As it turned out, 2019 was a busy year. Lots of personal events, lots of work events, but sadly not that many books. In no particular order, my top five books were:
- Starmaker O. Stapledon, 1937
This book took me by surprise. I consider myself something of a sci-fi fan, and figured I’d heard of most significant pieces of writing in the genre. I don’t actually recall how I came to hear of this book, but I know the time between being aware of its existence and being on my doorstep was a matter of hours. Anyway, to say Starmaker is an expansive book is something of an understatement. It quite literally chronicles the entire history of reality in its 288 odd pages. I’m not sure I’d say this is the most philosophically astute sci-fi, nor the most sophisticated narratively, but it is most definitely amongst the most panoramic, imaginative bits of writing I’ve read. As the book progresses, somewhat spiritual elements slip in, with clear parallels to certain religious traditions. These elements culminate in certain revelatory scenes later on in the book that I thought were really pretty great. If you’re into cosmic-scale sci-fi, you need to read this.
- The Bhagavad Gita E. Easwaran, 2007 (2nd Edition)
This one is a bit cheeky. I included The Bhagavad Gita in my 2018 list. I’ve included it again because I think it resonated with me even more this year. I read it on a trip to a couple of islands in the Indian Ocean. It may have been some flavour of western romanticism, or perhaps my existing familiarity with the story, but either way I felt it made me think more deeply than on my previous read of Juan Mascaró‘s translation. Driving past 10+ metre tall statues of Arjuna on a regular basis may have fired my imagination a little too. This translation includes a very informative introduction from E. Easwaran too which gives an interesting introduction to some of the more esoteric concepts that underpin the ideas in this piece of scripture. Still highly recommended.
- The Hard Thing About Hard Things B. Horowitz, 2014
Sometime around the middle of 2019, I became confused about the realities of running a tech business. I’d long since realised that various business functions use overloaded terminology, and that teams, departments organisations and even entire products could trip up over remarkably simple misunderstandings brought on by mismatched perspectives and semantics. After one such discussion, I came to the conclusion that in many cases, this situation is inevitable and that businesses need to roll with it, but had no clue about how ‘rolling with it’ should be conducted in practice. So I asked around for books that dig into the realities of businesses of people with much more experience than I. One recurrent recommendation was this book by Horowitz. I’ve got to say I was a little skeptical at first — and still am in some respects — but this was a good read simply because it increased my empathy for people working across different aspects of a tech, and relaxed me a little about what is normal and what is not in these businesses.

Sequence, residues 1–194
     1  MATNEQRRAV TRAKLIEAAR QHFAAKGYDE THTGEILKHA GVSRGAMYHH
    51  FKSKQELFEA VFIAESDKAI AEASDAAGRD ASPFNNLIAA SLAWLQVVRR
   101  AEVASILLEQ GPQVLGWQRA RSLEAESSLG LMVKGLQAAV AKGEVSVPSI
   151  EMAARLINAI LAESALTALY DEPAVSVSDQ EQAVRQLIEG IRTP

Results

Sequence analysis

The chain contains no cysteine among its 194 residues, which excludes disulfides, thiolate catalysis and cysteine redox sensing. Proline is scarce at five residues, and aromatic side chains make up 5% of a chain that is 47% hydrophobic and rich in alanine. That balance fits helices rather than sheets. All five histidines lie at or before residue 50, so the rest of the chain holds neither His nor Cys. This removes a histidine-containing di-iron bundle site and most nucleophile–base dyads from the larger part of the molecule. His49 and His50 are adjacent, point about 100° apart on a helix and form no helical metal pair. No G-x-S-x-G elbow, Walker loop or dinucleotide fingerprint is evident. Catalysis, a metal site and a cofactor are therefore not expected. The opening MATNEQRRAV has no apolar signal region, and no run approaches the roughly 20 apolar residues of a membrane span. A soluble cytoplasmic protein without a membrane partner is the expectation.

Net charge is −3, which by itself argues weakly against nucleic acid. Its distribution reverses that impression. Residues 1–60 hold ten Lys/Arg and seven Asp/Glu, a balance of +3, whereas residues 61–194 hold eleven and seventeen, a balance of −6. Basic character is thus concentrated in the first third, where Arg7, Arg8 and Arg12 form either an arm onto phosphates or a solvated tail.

- The Order of Time C. Rovelli, 2018
I clearly remember reading Einstein's Relativity as a teenager. From that point on, I've had a fascination with time. I'd heard good things about this book and decided to give it a go. It's an odd general audience Physics-type book. It's a surprisingly personal and poetic account of time, with Rovelli giving some actually quite moving vignettes throughout the book. These vignettes could have been fatal in lesser hands, but Rovelli still carries off a deep dive into some conceptually challenging material related to our perception of time, and the 'true' underlying nature of time as it 'really' is. It's quite different from any other general audience Physics book I've read, and I think for that reason I grew quite fond of it.
- Small Gods T. Pratchett, 2018
I have to admit, I’ve never read a book by Pratchett. A lot of my friends and colleagues have expressed a deep love of his work, but for some reason I never picked up one of his books. Small Gods was lent to me as one of a stack of light-hearted books by a friend. After a few heavy books, this was a welcome relief. It’s sharply written, funny & easy reading. The story of The Great God Om who, for various reasons, has manifested in Pratchett's world in the form of a small tortoise and meets a slightly dim but well intentioned monk of the religion Om spawned. Together they navigate a surreal narrative filled with single minded dogmatism, general stupidity and at one point a strange gentleman in the desert. This book quite literally lifted my spirits.
Reading List for 2020
I'm planning on making a more concerted effort to get through a few more books this year. Here's my list so far:
- Dune, F. Herbert
- The Iliad, R. Lattimore (Translation)
- Black Elk Speaks, J. G. Neihardt
- Slaughterhouse Five, K. Vonnegut
- Talking to Strangers, M. Gladwell
- Never Split the Difference, C. Voss & T. Raz
- We Were The Future, Y. Neeman
- Bridge of Birds, B. Hughart
- Men We Reaped, J. Ward
- The Odyssey, Homer
- The Argonauts, M. Nelson
Any other recommendations welcome!